February 2, 2022•571 words
The home lab. Those not in the tech industry may know of it as a workshop, a studio, or even a nook. One thing is certain despite the name: creators and thinkers do their best work in their happy space. As an avid technologist and only an aspiring DIY-er, my definition falls more towards the description of a "lab". In practice this isn't anything fancy like you'd see in a mad scientist's basement or garage. For me, an unassuming cluster of tiny computers and networking gear tucked away quietly in the corner of my house.
Apart from the datacenters I manage - chugging power, fans spinning and screaming wildly - the technology I surround myself with at home is far from the cacophony of compute I've exposed my ears to for the past decade. It's comprised of Intel NUCs and other small network gear that brandish silent fans, or no fans at all. As both a professional and enthusiast, I've always enjoyed keeping up with the latest technology and trends in the fields of networking and software engineering. As a business owner, I'm burdened to fully understand the technology I implement to serve customers. I'm sure you can see the position I'm in. Time to really learn some networking protocols.
Gone are my days of putting around with webservers and databases. Old friends of mine would speak of the good ol' days of ancient basement servers crawling along, yielding only handfuls of compute power. It's the roaring 20s now, my time is spent simulating global networking technologies like BGP and anycast networking across dozens of virtual hosts and networks. The fun comes naturally even though the knowledge garnered has immense value to my career. I guess I'm lucky in that sense.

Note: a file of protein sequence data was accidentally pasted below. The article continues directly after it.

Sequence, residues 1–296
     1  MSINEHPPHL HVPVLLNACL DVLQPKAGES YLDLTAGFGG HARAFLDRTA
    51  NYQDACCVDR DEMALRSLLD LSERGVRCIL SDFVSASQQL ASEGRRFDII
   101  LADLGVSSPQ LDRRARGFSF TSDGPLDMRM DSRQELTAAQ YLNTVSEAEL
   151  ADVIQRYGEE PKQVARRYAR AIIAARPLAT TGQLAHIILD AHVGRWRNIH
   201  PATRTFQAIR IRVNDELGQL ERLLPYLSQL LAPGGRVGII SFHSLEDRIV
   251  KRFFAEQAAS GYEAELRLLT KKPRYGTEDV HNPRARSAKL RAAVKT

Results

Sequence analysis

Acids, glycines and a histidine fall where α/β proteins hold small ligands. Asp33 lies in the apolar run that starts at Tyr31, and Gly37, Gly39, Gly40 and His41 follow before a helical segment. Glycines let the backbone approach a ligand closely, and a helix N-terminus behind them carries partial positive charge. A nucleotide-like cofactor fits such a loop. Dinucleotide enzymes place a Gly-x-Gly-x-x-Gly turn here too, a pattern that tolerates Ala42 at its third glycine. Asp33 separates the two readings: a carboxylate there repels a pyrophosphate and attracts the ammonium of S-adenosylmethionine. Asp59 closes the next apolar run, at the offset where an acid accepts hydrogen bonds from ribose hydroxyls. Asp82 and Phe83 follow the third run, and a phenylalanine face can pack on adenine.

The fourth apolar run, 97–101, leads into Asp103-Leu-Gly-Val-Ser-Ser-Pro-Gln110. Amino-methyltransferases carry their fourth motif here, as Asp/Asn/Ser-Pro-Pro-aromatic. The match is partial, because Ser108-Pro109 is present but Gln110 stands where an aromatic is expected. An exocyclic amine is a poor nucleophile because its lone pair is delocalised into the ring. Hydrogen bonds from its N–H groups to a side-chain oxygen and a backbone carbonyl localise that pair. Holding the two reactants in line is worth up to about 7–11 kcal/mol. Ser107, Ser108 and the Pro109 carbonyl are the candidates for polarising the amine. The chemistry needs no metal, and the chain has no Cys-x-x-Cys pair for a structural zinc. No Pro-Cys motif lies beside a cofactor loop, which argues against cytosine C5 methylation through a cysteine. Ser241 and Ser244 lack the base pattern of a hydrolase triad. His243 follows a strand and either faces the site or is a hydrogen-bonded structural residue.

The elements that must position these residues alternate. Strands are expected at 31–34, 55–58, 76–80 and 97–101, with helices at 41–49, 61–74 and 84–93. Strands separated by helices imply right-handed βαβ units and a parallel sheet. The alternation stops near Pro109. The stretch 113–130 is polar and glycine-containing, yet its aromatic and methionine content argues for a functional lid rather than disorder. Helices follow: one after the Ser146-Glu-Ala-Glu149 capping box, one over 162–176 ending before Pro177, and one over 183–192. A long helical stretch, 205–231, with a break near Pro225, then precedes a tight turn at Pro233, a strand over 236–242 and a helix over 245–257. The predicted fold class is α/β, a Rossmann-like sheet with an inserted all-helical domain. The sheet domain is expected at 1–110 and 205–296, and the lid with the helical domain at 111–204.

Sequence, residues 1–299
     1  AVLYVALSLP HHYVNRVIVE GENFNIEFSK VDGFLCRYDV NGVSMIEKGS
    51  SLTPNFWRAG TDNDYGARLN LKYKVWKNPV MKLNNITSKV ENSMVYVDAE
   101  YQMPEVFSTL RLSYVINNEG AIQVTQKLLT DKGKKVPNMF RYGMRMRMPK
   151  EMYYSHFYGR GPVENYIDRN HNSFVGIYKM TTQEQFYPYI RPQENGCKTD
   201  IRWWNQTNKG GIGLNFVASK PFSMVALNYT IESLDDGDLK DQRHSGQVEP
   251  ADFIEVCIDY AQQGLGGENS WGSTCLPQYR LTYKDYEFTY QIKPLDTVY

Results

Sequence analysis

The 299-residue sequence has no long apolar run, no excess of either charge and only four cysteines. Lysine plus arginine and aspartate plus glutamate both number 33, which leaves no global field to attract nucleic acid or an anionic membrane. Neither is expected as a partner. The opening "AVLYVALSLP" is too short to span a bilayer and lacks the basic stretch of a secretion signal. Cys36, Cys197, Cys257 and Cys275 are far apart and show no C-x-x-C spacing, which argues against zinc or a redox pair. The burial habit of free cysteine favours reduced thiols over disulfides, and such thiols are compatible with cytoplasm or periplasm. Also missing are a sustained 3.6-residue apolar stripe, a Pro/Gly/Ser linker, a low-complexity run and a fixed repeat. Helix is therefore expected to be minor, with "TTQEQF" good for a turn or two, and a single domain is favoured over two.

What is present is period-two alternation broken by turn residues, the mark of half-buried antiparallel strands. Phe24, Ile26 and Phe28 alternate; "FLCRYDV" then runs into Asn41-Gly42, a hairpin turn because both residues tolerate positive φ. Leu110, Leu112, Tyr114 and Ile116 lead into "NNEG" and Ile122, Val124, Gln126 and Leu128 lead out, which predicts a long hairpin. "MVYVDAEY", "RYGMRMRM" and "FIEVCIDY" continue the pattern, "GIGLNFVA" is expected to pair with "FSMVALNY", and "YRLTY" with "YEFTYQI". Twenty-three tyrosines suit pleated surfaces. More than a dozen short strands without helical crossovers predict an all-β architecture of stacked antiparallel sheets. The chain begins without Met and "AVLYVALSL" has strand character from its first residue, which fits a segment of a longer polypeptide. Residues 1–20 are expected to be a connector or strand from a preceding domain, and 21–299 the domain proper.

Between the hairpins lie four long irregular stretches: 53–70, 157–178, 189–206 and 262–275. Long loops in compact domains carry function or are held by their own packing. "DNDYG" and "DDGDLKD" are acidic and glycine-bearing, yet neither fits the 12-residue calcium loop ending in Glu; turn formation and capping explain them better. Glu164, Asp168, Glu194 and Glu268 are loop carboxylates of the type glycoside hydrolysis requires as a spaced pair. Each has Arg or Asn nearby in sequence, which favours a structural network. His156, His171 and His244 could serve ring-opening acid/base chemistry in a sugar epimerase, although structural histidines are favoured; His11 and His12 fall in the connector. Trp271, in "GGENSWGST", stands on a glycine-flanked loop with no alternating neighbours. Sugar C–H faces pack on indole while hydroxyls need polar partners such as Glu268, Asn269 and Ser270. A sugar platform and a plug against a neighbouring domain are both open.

To achieve this I didn't need to increase the scale of what once was a few early 2000s HP and SuperMicro rack servers that consumed thousands of watts. In fact, it's quite the opposite. Moore's law has really helped us over the past few years. A single Intel NUC now has more compute power by a factor of five than my "lab" had in high school. With modern storage technology, I'm running terabytes of fast storage in less than a cubic foot of space. Virtualizing tens or hundreds of servers is attainable for 100 watts or less. What a time to be alive.
Maybe it helps having friends to lab with, too. It's like a collaborative art studio, or a shared carpenters' workshop. Bouncing ideas and concepts off of like-minded individuals makes not only for great collaboration, but innovation as well. I'm not out here claiming to be innovating anywhere in the spaces I occupy, but it's damned fun to set up a big tunneled mesh between your house and all of your friends so you can run a real BGP network and play with policy routing and ECMP. I'm just now realizing this blog definitely has a target audience and I'm a little sorry if I lost you here. Better start learning, eh?
Find your lab space and refine your skills. If you're lucky enough to truly appreciate the thing you do for a living, I'm sure you've already found it somewhat. If not, keep hunting - you'll discover it soon enough.
If you love what you're doing, you've already succeeded.
- Watsky, Never Let it Die